ELECTIONS / STATE ASSEMBLY : Ramsay Says Conroy Has Mismanaged Charity Funds
Democratic Assembly candidate Greg Ramsay charged Thursday that his Republican opponent, Mickey Conroy, has mismanaged the finances of a Santa Ana-based veterans charity.
In response, Conroy released financial documents for the Disabled American Veterans Charities of Orange County to prove that in his six years as executive director, he has brought the group back from near bankruptcy while helping dozens of handicapped veterans find jobs.
Conroy and Ramsay, both from Santa Ana, will go head to head in in a special runoff election Sept. 17 to fill the state Assembly seat vacated by John R. Lewis (R-Orange), who was elected last May to the state Senate.
Thursday’s events were the first sign of real activity in the race since Conroy won a hard-fought Republican primary in July, triggering the runoff against Ramsay, 33. Conroy, a 63-year-old former fighter pilot, has been a strong favorite to win the seat because it represents the second-highest number of registered Republicans in an Assembly district in the state.
In a press conference outside of Conroy’s Santa Ana office Thursday, Ramsay pointed to a lawsuit filed last year by the national offices of the Disabled American Veterans which charged that Conroy did not file proper financial records for money he raised while using the group’s name.
The suit was settled earlier this year when Conroy and the local charity’s board of directors agreed to change the name of their group to Veterans Charities of Orange County.
Ramsay and officials from his campaign demanded that Conroy produce the disputed financial records. “It is important that we know which veterans benefit from this charity,” he said.
Pete Maddox, Ramsay’s campaign manager, charged: “I think when you look at what Conroy is doing to veterans, you will find he’s not doing much for them.”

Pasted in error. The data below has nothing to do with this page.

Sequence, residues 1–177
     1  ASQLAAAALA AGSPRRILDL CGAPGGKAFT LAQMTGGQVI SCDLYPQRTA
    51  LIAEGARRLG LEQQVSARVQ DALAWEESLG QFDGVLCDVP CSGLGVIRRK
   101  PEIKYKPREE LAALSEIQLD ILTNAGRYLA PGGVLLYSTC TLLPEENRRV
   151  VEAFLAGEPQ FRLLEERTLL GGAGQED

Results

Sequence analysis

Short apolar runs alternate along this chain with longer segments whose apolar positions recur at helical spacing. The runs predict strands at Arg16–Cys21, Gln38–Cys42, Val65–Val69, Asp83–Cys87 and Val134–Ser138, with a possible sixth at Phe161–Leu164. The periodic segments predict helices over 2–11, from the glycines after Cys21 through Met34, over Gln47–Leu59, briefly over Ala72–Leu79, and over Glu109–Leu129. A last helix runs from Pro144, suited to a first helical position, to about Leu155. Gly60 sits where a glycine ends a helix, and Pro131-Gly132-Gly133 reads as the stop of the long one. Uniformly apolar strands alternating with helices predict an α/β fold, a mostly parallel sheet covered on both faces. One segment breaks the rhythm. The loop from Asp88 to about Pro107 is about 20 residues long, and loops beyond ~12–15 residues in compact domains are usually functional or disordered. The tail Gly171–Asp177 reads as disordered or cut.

At the charity’s headquarters Thursday, Conroy pointed to a room full of handicapped veterans preparing mailers under a contract with a local company. He also produced finance records for the charity indicating that it operated in the red for the past several years and has recently shown signs of improvement.
The financial records show that Conroy’s organization makes most of its money from operating a thrift store and it had provided money to the Disabled American Veterans organization in exchange for use of its name in collecting donations of used household items.
Conroy blamed the lawsuit on a dispute he has had with leaders of the national Disabled American Veterans charity. He said Veterans Charities of Orange County is a separate entity and he charged that leaders of the national organization were trying to conduct an unfriendly takeover.
Conroy also said he has been providing financial records for the charity to the California offices of the Disabled American Veterans, but not to the national office, which filed the suit.
Ken Musselman, head of the California DAV office, acknowledged Thursday that Conroy has been providing financial records to the state offices, although he said they were incomplete.
Musselman also said Conroy has been at odds with DAV for years, dating back to Conroy’s call for Democrat Tom Hayden’s removal from the state Assembly because of his protest activities during the Vietnam War. Musselman said Conroy tried to get DAV to join the anti-Hayden effort, but it refused.
“His statements that there are people in the DAV who don’t like him are true,” Musselman said. “It’s also true (that) there are a lot of people in the DAV he doesn’t like.”